Tangle Trees Series
Nature has lured me to the uncertain and the ominous.
Anticipation, dogged persistence, foreboding, bewilderment, and discovery are all present in a journey over a twisting, seldom-used road. This series began when I took an unfamiliar shrouded path to a distant village while visiting a foreign place. The serpentine passage suggested a dark mystery, simultaneously pulling me forward and holding me back. The surprises in that secluded quest resulted in my desire to make paintings that could point to such places and experiences and conjure up a parallel intensity.
Pear Dance Series
I like the quirky body language of the common pear. When you see tumbled mounds of pears at the market, the freshest ones often have leaves aloft like flags.
Pears are “body-like” without gender, age or race. Yet they curiously allude to layers of sentient meaning by their very postures and placements.
Still life painters in every era have used tabletops adorned with food and other objects to represent meanings that go beyond the objects themselves. In the Pear Dance Series, I seek a relationship between image and viewer that is much like theater, except that the actors are all similar and the action goes on through the spectator’s own capacity and desire to make myriad visual associations.
In open air markets everywhere, individuals come and go, examine produce while scrutinizing each other, and surprise themselves by buying more than they intend. I like the idea of human spontaneity and range of interaction in these situations--the tensions, the warmth, and the unexpected dramas. A sense of loneliness is also present from time to time, as it can be in any crowd. It seems that either we humans engage wholeheartedly with others, or we do our best to avoid connection. Whenever I am in a public place like a farmers’ market or on public transportation, I have a wild impulse to lead everyone in a little songfest. Perhaps by painting my fellow humans, I am singing with them.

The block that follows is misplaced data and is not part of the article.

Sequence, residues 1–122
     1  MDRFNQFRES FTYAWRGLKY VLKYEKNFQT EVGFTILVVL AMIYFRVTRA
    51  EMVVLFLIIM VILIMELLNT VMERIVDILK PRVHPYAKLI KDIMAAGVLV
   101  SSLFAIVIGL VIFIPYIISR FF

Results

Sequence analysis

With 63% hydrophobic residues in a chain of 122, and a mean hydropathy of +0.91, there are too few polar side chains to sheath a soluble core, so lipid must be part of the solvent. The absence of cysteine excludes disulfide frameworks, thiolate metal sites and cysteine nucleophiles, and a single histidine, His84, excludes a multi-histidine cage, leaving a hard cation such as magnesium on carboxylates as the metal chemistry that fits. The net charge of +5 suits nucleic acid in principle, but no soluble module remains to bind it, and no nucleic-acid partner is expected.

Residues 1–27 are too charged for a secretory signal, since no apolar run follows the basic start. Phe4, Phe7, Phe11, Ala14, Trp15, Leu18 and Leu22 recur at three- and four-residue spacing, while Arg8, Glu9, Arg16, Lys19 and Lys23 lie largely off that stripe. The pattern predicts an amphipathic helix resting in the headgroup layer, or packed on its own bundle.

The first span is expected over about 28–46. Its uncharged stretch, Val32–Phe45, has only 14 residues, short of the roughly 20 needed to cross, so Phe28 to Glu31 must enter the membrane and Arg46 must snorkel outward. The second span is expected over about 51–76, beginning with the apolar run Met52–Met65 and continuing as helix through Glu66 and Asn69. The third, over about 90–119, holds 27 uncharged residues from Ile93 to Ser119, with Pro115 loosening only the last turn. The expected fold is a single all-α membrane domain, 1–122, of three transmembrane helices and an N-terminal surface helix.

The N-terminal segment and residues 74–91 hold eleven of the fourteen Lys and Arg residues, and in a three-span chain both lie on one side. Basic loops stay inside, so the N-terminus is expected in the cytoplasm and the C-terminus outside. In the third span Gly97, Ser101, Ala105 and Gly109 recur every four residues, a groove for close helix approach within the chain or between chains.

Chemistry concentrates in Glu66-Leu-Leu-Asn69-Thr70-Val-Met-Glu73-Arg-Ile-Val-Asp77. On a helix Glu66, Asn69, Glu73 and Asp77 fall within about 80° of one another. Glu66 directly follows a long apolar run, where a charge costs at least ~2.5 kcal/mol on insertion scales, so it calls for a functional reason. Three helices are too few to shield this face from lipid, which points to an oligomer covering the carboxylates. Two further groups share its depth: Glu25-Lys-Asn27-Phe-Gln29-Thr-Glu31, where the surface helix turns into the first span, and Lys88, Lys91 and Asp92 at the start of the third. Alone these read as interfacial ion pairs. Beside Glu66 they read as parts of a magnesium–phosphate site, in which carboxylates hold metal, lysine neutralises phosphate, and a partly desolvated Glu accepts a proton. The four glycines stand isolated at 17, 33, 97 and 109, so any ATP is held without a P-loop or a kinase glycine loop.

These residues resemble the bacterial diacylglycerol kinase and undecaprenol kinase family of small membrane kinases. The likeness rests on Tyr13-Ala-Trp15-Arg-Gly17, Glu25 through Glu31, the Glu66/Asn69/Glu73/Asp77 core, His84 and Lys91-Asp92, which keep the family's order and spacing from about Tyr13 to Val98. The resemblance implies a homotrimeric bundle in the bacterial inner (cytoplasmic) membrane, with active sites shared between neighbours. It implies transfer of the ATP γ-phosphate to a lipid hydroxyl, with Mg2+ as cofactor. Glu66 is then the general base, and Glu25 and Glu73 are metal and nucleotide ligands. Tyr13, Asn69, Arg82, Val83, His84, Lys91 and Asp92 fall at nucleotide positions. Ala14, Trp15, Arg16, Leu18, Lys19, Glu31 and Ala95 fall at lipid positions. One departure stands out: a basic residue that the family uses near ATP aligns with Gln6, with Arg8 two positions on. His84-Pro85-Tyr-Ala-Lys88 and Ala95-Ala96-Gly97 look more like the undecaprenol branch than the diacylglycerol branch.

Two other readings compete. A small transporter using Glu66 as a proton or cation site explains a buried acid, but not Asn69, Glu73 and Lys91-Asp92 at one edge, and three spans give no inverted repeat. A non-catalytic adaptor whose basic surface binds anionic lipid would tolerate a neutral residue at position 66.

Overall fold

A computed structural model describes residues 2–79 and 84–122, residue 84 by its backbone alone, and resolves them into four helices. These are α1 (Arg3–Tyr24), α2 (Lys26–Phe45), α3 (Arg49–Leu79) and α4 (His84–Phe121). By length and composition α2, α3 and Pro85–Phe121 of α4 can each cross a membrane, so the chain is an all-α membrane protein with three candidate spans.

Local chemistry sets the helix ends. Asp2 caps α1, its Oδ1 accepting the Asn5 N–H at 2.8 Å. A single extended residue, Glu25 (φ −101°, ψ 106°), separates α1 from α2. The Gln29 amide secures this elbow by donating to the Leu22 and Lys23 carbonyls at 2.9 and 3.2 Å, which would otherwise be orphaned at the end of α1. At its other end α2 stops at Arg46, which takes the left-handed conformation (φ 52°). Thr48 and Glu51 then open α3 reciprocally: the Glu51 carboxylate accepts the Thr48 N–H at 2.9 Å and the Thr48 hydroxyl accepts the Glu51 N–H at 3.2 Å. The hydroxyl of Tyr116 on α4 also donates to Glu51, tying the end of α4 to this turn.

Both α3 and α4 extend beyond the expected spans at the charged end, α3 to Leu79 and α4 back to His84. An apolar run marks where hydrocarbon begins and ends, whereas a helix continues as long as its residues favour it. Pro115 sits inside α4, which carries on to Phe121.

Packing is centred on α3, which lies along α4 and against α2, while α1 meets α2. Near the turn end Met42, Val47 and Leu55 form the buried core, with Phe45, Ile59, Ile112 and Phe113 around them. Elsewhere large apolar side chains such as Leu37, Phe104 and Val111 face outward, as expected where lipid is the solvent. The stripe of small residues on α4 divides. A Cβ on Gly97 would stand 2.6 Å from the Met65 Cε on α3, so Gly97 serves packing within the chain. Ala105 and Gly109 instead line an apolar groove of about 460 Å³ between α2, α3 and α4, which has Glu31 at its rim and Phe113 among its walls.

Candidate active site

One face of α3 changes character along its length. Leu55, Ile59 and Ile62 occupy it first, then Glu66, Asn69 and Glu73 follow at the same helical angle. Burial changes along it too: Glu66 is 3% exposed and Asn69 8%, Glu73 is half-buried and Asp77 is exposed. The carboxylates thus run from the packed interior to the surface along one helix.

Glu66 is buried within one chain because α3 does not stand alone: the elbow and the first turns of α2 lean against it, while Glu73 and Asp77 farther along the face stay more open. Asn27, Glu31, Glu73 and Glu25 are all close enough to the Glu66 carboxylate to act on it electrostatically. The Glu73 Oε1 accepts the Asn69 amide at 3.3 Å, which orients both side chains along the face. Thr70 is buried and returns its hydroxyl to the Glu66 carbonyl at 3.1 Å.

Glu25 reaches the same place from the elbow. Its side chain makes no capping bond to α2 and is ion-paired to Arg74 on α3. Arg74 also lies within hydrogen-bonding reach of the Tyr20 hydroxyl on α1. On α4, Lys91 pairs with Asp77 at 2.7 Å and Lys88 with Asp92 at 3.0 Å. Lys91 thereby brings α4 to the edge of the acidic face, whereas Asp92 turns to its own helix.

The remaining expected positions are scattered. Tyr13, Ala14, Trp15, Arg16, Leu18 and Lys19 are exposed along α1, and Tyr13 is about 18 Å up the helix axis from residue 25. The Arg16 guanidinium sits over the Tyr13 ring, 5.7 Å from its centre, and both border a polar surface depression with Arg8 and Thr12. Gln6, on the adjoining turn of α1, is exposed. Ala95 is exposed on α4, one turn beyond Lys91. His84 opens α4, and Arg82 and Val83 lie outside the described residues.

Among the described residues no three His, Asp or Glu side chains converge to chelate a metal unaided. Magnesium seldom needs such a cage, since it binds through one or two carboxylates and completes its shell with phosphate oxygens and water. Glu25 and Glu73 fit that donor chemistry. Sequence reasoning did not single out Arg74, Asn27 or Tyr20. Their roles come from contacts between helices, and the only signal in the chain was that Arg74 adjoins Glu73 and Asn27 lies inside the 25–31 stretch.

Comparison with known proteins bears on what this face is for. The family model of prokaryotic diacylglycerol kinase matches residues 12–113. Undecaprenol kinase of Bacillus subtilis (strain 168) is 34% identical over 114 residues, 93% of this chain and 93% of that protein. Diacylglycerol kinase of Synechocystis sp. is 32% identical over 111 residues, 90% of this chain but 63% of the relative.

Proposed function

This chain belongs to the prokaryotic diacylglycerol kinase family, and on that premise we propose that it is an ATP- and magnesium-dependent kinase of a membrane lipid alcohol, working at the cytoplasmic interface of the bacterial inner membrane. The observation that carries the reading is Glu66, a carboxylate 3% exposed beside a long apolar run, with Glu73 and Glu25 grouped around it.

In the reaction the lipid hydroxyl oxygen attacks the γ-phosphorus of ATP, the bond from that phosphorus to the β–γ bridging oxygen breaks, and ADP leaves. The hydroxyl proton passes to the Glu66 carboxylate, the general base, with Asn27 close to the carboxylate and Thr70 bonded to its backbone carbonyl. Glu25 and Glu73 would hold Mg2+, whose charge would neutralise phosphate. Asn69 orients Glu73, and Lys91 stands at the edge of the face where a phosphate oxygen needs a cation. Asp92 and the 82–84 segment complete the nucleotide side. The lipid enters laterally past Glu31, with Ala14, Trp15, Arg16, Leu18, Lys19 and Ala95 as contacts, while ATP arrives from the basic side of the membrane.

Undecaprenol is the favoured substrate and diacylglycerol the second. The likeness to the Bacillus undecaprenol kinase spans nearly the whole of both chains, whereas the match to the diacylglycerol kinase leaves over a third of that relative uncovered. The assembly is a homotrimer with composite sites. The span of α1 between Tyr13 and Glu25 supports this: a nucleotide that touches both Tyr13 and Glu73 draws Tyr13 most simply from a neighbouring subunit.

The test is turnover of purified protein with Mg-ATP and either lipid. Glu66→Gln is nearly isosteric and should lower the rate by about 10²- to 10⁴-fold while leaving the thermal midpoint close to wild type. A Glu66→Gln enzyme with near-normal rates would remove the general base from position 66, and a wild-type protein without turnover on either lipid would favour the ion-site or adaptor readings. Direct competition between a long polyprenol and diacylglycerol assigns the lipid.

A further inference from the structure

Café Series, “Art Bakes No Bread”
Using the versatility and descriptive possibilities of paint, and employing changes in scale, I play voyeur to the unguarded moments of others and tweak what I see to imply further meanings.
While public gathering-places provide a wealth of visual material to any artist, my particular fascination is how the culture of the space creates a “free zone” where people can be themselves in a kind of socially-supportive anonymity. We see ourselves mirrored in the visages and the body language of the people around us, and we relax when we see others let go of their “nine-to-five” faces. Having said that, I notice people most who relax with intensity - - and in a café setting, no matter how intimate your conversation is with your friend, you are also inhabiting a kind of performance space. People come in to be seen as much as to have a private talk. Adding to the social mix, the bakers and the servers exude humor and sharp repartee, heightening the theater.